During Spring Term the Rockefeller Center will present another full calendar of events, lectures, and student activities. Read about our activities and news coverage of events here. You can also sign up to receive our new electronic newsletter, published at the start of each term, and our RSS feed. View 2008-2009 News Briefs.
The Rockefeller Center’s third annual State of the State surveyed a sample of New Hampshire registered voters (N=406) to get their opinions on policy issues, elected officials, and the state of the economy in New Hampshire and in the United States. Sample demographics and polling methodology are summarized at the end of the press release. Read the complete press release.
James O’Connell, President, Boston Heath Care for the Homeless presented a lecture “Dispatches from the Streets: Lessons Learned During 25 Years of Caring for Boston’s Rough Sleepers.” This was in conjunction with the student-led conference “One Voice: A Conference and Discussion on Homeless Shelters in New Hampshire and Vermont” also held on May 24. Read a review of the lecture in The Dartmouth.
Homelessness is a prism that refracts the weaknesses from many sectors of society, including housing, welfare, health, human services, education, labor, and corrections; Chronically homeless persons are high utilizers of costly emergency room and hospital services, yet have marked disparities in morbidity and mortality; Housing is the necessary but not sufficient solution to preventing and ending chronic homelessness.
Chronically homeless persons, especially those who sleep on the streets of our cities, bear a complex burden of co-occurring medical, mental health, and substance abuse problems and suffer marked health care disparities, including premature mortality. This session will explore the lessons learned by the Boston Health Care for the Homeless Program during 25 years of caring for these marginalized individuals. The evolution of the service delivery model will be reviewed, emphasizing both the successes and failures in BHCHP’s attempts to bring quality and continuity of care to this marginalized population.
After graduating from Harvard Medical School and completing his residency in Internal Medicine at Massachusetts General Hospital, Dr. O'Connell began his fulltime clinical work with homeless individuals as the founding physician of the Boston Health Care for the Homeless Program in 1985.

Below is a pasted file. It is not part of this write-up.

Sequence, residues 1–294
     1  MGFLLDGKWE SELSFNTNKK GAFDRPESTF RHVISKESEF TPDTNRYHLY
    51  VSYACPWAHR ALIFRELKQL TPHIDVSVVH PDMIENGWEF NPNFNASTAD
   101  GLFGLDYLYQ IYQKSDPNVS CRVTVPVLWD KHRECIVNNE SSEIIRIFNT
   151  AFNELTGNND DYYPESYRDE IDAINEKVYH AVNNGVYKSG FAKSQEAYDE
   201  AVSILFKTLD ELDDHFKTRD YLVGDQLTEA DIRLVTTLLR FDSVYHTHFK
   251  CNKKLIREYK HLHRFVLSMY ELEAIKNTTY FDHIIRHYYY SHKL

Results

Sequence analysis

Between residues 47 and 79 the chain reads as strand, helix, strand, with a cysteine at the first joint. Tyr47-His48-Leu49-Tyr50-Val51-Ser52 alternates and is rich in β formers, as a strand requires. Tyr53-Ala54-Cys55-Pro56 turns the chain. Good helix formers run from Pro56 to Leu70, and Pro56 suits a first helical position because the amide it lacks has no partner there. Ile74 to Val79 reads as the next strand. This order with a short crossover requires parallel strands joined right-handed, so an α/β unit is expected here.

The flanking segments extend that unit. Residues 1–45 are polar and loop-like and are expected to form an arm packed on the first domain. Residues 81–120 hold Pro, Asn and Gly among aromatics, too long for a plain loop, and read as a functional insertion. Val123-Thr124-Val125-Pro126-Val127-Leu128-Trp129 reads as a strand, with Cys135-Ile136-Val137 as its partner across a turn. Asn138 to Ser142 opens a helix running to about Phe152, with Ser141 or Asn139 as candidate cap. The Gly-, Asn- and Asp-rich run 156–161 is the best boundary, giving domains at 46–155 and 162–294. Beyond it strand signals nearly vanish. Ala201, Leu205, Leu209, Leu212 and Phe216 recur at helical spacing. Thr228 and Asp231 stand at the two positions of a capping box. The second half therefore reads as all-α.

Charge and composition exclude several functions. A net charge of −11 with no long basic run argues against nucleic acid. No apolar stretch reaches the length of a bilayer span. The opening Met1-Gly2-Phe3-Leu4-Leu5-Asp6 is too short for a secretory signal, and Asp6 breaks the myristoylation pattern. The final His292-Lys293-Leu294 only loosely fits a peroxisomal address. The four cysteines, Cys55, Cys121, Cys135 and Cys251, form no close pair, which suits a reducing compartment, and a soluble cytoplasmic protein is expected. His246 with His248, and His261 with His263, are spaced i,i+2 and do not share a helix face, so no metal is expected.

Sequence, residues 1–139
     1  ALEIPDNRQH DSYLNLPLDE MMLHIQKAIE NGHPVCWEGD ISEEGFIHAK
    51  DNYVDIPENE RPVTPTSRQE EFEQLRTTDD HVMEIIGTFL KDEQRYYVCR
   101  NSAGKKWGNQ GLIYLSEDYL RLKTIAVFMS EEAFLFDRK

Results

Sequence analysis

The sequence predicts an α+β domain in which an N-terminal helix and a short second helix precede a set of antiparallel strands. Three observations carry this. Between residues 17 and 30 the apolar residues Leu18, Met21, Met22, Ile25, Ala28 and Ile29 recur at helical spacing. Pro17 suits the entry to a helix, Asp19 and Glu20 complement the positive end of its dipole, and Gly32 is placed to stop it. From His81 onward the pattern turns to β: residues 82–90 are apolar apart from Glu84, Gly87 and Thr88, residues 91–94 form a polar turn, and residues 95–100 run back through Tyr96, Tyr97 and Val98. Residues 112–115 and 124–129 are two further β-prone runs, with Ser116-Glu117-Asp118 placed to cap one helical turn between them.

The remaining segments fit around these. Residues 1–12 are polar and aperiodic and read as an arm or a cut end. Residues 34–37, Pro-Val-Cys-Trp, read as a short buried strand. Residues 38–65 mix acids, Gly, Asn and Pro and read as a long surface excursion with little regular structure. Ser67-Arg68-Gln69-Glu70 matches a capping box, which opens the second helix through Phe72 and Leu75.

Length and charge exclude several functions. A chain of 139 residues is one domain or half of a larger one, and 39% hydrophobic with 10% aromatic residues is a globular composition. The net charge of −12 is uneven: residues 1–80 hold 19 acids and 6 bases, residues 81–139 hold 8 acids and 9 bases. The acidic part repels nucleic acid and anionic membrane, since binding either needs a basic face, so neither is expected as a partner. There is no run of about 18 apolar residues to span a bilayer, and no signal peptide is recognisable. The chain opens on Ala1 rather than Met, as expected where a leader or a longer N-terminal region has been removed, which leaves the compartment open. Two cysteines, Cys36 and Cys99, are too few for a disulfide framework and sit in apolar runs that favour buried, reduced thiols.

As President of the program, Dr. O’Connell has seen the program evolve to meet the needs of community. Boston Health Care for the Homeless Program now serves over 11,000 homeless persons each year in two hospital-based clinics and over 80 shelters and outreach sites in Boston. In 1993, Dr. O’Connell founded BHCHP’s medical respite program which has 104 beds dedicated to acute, sub-acute, peri-operative, rehabilitative, recuperative, and palliative end-of-life care for homeless men and women who would otherwise require costly acute care hospitalizations. Working with the MGH Laboratory of Computer Science, Dr. O’Connell designed and implemented the nation’s first computerized medical record for a homeless program in 1995.
In 2009, Dr. O’Connell was awarded the prestigious J.H. Kanter Prize for his exceptional work to enhance health care delivery for homeless people in Boston. This national award recognizes physicians for their “tireless efforts and creativity” in developing ways to eliminate health disparities and improve health care throughout the United States.
Dr. O’Connell is the editor of The Health Care of Homeless Persons: A Manual of Communicable Diseases and Common Problems in Shelters and on the Streets, and an editor of A Practical Approach to Pulmonary Medicine. His articles have appeared in the “New England Journal of Medicine,” the “Journal of the American Medical Association,” “Circulation,” the “Journal of Clinical Ethics,” and several other medical journals.
James Reynolds, BBC Foreign Correspondent, presented a lecture entitled “Stuff Them or Shoot Them? - The Future of the Foreign Correspondent.” Read a review of the lecture in The Dartmouth.
What place is there for the traditional foreign correspondent? Is the job a costly, anachronistic relic? Why send in foreign correspondents when local reporters can often do the same job? James Reynolds is a BBC Foreign Correspondent. He was first posted to Santiago, Chile in 1998 as the BBC's South America Correspondent. During the next three years, he covered the arrest of General Augusto Pinochet in Chile, the fall of Alberto Fujimori in Peru, the guerrilla war in Colombia, and unrest in Ecuador and Bolivia.
In 2001, he was posted to Jerusalem as a BBC Middle East Correspondent. There, he covered the Israeli-Palestinian conflict, the Iraq War, and Israel's war against Hezbollah. In 2006, Reynolds was appointed BBC China Correspondent, based in Beijing. He covered protests in Tibet, the Sichuan earthquake, and the Olympic Games. For the last year, Reynolds has been a Fellow at the Nieman Foundation for Journalism at Harvard. In his spare time, Reynolds enjoys floating in the Dead Sea. This was The Bernard D. Nossiter '47 leacture.
Robert Putnam, The Peter and Isabel Malkin Professor of Public Policy, Harvard University, Director, The Saguaro Seminar: Civic Engagement, Harvard Kennedy School presented a lecture entitled “E Pluribus Unum: Immigration, Diversity, and Community.” Read a review of the lecture in The Dartmouth.